When he's ready to come back, Hill said he'd find a place for Parry on the football team.
Hill went as far as to say that Parry could work with him if he isn't able to play again.
"I told him if he can't resume his full capacity of playing, he has a place with me coaching."
Parry said Hill has been one of his biggest supporters.
"His mom's been handicapped for most of his life, so he knows what it's like to have to deal with something like that," Parry said. "He's told me don't let anyone discourage me ... he'll do whatever he can to help me out."
Whether football is in Parry's future is uncertain.
One thing he knows he wants to do is be a motivational speaker.
Parry said he would like to go around and speak to high school students about his accident and everything that he has gone through.
Hill said he has already let Parry talk to the team.
"If you can't be motivated (by Neil), You can't be motivated," Hill said. "You don't have a pulse."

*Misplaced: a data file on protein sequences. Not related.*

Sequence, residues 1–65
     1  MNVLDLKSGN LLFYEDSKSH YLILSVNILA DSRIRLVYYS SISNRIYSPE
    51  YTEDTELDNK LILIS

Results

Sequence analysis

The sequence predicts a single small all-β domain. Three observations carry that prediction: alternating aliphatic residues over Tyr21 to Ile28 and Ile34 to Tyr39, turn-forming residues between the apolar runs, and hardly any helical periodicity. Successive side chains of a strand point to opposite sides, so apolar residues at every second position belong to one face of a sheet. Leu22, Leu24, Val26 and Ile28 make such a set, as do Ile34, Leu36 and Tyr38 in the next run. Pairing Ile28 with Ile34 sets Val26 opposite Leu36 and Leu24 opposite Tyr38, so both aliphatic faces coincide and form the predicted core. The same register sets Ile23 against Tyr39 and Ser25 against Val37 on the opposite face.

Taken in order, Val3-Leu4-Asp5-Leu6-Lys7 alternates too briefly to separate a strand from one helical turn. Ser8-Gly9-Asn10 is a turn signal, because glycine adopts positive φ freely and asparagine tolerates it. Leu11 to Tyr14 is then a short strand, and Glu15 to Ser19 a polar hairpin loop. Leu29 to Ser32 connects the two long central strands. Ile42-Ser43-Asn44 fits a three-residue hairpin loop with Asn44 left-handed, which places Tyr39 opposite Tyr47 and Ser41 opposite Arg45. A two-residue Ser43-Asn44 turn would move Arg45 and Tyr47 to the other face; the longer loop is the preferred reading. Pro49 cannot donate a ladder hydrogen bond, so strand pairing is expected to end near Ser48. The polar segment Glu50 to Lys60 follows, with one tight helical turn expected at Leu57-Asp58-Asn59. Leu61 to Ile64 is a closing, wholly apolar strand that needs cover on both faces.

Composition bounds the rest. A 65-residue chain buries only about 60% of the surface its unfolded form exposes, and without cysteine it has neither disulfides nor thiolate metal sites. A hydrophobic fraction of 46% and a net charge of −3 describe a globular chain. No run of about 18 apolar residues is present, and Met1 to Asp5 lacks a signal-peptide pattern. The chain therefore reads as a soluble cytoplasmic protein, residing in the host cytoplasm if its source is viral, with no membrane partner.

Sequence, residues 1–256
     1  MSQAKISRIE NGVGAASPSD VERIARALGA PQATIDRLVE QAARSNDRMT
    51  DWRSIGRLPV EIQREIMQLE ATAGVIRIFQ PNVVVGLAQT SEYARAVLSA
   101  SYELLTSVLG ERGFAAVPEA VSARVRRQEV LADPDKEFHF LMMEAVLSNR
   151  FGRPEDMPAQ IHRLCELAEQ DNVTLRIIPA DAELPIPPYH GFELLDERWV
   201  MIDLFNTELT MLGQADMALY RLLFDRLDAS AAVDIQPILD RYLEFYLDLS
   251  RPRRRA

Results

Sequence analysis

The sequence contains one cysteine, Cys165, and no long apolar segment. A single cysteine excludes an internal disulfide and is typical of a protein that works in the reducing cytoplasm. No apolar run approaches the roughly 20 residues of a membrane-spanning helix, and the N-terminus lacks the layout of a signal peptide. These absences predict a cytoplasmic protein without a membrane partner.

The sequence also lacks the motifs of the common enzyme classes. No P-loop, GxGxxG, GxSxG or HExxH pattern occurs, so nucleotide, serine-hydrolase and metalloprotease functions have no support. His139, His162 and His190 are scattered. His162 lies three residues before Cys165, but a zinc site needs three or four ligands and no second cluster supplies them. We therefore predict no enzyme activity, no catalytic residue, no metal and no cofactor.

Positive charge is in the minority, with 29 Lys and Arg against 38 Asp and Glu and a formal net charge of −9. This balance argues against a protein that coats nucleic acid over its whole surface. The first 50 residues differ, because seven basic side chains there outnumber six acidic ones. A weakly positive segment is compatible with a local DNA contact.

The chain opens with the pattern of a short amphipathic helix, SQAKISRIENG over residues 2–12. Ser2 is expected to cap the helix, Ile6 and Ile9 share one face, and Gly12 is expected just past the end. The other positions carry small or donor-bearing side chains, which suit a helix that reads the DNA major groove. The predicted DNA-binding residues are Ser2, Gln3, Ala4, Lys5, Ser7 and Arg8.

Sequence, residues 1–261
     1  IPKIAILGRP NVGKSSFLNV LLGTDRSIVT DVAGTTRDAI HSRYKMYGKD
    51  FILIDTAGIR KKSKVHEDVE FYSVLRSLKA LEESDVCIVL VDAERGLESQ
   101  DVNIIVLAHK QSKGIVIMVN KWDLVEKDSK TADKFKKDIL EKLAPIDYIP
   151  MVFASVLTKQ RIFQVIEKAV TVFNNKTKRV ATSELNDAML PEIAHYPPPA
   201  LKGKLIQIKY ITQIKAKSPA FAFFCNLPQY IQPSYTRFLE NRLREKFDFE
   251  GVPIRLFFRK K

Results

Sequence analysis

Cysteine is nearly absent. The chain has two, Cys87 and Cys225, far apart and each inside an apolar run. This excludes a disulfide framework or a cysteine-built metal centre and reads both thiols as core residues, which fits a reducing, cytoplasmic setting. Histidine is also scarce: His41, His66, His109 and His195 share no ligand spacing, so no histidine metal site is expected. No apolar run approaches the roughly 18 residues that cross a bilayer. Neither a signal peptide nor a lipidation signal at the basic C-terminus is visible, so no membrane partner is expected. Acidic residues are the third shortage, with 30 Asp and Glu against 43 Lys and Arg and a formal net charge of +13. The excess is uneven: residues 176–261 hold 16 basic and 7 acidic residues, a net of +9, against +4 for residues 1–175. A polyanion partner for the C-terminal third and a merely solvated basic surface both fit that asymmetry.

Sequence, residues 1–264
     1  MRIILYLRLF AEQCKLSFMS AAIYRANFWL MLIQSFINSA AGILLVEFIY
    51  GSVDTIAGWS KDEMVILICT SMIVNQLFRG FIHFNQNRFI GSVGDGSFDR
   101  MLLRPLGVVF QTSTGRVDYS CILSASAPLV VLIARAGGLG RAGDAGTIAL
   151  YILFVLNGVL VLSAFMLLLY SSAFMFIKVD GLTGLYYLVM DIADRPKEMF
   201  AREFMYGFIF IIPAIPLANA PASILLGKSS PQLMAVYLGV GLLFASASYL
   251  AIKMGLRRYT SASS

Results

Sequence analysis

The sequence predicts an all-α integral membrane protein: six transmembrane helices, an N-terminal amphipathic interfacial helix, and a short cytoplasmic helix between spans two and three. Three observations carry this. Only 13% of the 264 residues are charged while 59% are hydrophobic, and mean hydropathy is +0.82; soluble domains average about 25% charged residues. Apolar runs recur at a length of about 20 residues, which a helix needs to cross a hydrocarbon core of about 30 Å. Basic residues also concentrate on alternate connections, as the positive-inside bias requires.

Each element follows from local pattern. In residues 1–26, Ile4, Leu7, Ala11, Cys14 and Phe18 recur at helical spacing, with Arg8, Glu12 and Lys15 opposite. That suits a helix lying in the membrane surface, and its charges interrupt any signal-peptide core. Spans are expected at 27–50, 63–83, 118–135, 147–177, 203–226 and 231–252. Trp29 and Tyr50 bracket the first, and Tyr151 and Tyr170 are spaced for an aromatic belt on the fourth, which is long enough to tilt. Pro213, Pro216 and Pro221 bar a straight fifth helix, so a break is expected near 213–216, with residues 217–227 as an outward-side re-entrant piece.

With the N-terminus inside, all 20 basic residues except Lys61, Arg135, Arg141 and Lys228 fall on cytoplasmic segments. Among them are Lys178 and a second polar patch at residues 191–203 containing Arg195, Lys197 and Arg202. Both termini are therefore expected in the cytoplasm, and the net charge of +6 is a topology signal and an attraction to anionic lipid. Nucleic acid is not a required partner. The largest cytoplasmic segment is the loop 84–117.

Parry has also thought about coaching, perhaps with his brother and his father, who is the head football coach at Parry's alma matter, Sonora High school.
His father said he's already had a chance to coach with Josh, and can't wait for a chance to do the same with Neil.
"It was a blast to watch (Josh) interact with the kids," Nick said. "I would love to coach with (Neil)," Nick said.
Nick said Parry could be coaching already.
"He's had offers," Nick said. "I've had people come up to me and say if he ever wants to coach, 'call me.' "
While he was out of action last season, Parry helped out the Spartans defensive backs' coaches.
He said he enjoyed the experience and was able to see the game from a different perspective.
"Sometimes when you're playing, you're wondering what the coaches are thinking," Parry said. "(Now I know) what the coaches think."
A coaching career may have to wait a while, because Parry says he's going to play again.
As far as Hill is concerned, it's a done deal.
"As long as Fitz Hill is in football, there's always going to be a place for Neil Parry.
SpartanThunder.com thanks Andy for this fine article!